Explanation required please!! - British Liver Trust

British Liver Trust

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Explanation required please!!

Deb3822 profile image

Hi all,

Sooo, I was under the impression that liver cirrhosis was irreversible. I've just returned from my liver specialists, who performed a fibroscan, and informed me that my liver has regenerated itself and I'm out of the danger zone. My reading was 10.4.

Can someone please explain to me how this is possible??

26 Replies

Looking back at your old posts you've had this cirrhosis/not cirrhosis thing going on for 5 years or more. As your initial issue was I understand alcohol related and you have been sober since then it is possible for the liver to repair to a degree. Your care over the years hasn't been great, hope you get better care from now on. Continue looking after yourself.


Deb3822 profile image
Deb3822 in reply to AyrshireK

What do you mean by my care over the yrs?? I've not touched a drop of alcohol since my diagnosis.

AyrshireK profile image
AyrshireK in reply to Deb3822

I mean when you have a diagnosis of cirrhosis (which you seemed to have from years ago) there is a minimum standard of health care you should have i.e. minimum - 6 monthly scans and 6 monthly bloods etc. but in previous posts of yours you've said you've gone years without follow up, mixed messages from various doctors & your details becoming 'lost'. Hence what I mean about the standard of care you've received.


Deb3822 profile image
Deb3822 in reply to AyrshireK

I got lost in the system and then I was found lol. I have been having 2 scans a yr and regular bloods taken. In that time my consultant has told me she is not convinced I have cirrhosis. This was after a biopsy. I then recieved a later from her stating I was at the cirrotic stage. Today she told me my scan had come back fine and then performed a fibroscan on me and said it was great news, it was 10.4 and I was out of the "danger zones of liver cancer and transplant".

I'm really not sure how scar tissue is able to disappear. I have always considered cirrhotic scar tissue is unrepairable, While the liver may still be able to get most of it's functionality back,

Scar tissue will always remain, that is until stem cell liver treatments are available.

Even the Mayo Clinic says Cirrhosis can be reversed. Rarely, but it's not impossible. I trust them.


A lot of people had Cirrhosis due to Hepatitis C and then a cure was found. Many of these patients (or I guess now they would be former patients) have significantly reduced liver disease are now and are free or close to it. Maybe I'm a dummy, but to me, cirrhosis is cirrhosis and if can be reversed in Viral Hepatitis, why not in other kinds if you stop whatever is causing the damage (like alcohol, bad diet, etc). I mean, I don't think there is a special kind of "Only Hepatitis C Cirrhosis" as far as I know.

Recent studies have confirmed that if you have fibrosis - or even cirrhosis - and are treated and cured of hep C, the development of fibrosis will stop, and fibrosis will reverse in the majority of patients. Liver damage reversal is possible even when cirrhosis has developed. A recent review of multiple studies found that 53 percent of patients who were cured of hep C had regression of cirrhosis.


Professors and Doctors speak out - Very Long And Complicated Article, but just reading the abstract and conclusion gives you the picture - quote -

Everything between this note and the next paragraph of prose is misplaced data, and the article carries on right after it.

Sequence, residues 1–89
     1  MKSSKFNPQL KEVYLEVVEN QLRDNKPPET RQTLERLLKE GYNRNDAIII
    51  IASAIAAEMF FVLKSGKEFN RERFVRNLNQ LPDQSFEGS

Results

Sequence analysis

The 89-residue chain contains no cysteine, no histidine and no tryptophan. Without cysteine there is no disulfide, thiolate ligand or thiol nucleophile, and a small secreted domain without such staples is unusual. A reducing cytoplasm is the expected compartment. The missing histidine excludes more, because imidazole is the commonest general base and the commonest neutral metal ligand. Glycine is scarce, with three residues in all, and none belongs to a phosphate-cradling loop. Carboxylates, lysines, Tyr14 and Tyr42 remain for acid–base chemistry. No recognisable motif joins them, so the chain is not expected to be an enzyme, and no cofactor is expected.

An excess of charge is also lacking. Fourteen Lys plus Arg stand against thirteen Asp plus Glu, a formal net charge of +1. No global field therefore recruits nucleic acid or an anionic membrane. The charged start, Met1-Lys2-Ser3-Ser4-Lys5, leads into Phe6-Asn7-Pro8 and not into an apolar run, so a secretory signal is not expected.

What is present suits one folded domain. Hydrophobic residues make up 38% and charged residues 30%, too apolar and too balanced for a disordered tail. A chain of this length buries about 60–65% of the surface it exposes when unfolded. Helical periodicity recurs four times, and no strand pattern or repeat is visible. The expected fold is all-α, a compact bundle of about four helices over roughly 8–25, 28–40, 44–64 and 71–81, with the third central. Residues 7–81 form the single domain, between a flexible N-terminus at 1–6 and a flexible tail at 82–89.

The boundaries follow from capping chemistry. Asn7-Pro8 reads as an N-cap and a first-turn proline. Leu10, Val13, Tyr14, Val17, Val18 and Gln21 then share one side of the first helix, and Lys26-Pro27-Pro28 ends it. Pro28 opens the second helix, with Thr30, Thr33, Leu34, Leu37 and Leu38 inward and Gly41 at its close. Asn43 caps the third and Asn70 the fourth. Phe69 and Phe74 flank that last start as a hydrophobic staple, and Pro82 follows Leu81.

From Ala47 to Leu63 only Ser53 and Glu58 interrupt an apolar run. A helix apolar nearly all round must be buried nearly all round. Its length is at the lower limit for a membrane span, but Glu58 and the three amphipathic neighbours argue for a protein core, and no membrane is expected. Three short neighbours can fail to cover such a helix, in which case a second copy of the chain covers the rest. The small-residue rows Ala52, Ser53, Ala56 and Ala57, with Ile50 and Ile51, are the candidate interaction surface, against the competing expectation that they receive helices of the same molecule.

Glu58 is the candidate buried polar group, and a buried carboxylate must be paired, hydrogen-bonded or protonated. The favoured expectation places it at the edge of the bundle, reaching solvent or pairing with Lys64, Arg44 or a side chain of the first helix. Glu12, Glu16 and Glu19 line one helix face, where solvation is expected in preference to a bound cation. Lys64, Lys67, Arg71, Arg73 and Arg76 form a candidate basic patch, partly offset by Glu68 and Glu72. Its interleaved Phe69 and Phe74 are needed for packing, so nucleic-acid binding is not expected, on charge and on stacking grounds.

"In the past, liver cirrhosis was considered an irreversible phenomenon. However, many experimental data have provided evidence of the reversibility of liver fibrosis. Moreover, multiple clinical studies have also shown regression of fibrosis and reversal of cirrhosis on repeated biopsy samples."


Deb3822 profile image
Deb3822 in reply to kensimmons

Thank you so much for this reply xx

HepC cirrhosis does actually seem to regress better than many kinds of cirrhosis, and alcoholic liver disease generally does not reverse as readily. From the second paper you cited

"Clinical evidence for regression of fibrosis in alcoholic liver disease is limited. Results from randomized controlled trials (RCTs) assessing the effects of pharmacological agents on alcoholic fibrosis and cirrhosis have been disappointing."

One thing to keep in mind is when in disease progression the cirrhosis is caught is critical for stabilizing cirrhosis or even reversal. For alcoholics, disease is often caught when symptoms show up, i.e. when portal hypertension is pretty advanced. That seems to be past the point of no return according to the articles you cite, though by no means do all early cases of cirrhosis reverse whem the cause of disease is something else.

Alcohol also causes all sorts of issues that contribute to continued inflammation and therefore continued scarring even after alcohol is stopped. Look up liver-gut axis and alcoholic liver disease if curious. Similar issue with NASH/metabolic disease.

From the articles I recall, cirrhosis from HCV/B, AIH, and hemochromatosis tended to regress more readily than cirrhosis from ALD or NASH.

My understanding is that the reason isn't that it's a different type of cirrhosis, it's just easier to eliminate what is causing the damage in things like Hep C and AIH. Sometimes you just need to take some pills. Alcohol and NAFLD have the same type of cirrhosis as other people with cirrhosis do, it's just tough for some people to stop drinking, smoking, eating badly etc.

I remember reading an article where one hep doc with many decades under his belt said that in his experience alcoholic disease patients did one of two things, kept drinking or stopped. Those who kept drinking almost always ended up needing a transplant very soon but those that stopped the harm immediately lived on and could live a normal life. As this doctor said in the interview " many times, it's all up to the patient". It's a shame I didn't save the article and I can't find it again, don't recall where I saw it. Oh well.

This is a different article, but it also made me optimistic when I saw it a while back.

The doctor interviewed says most people with cirrhosis can be treated without a transplant and for most cirrhosis is NOT a death sentence.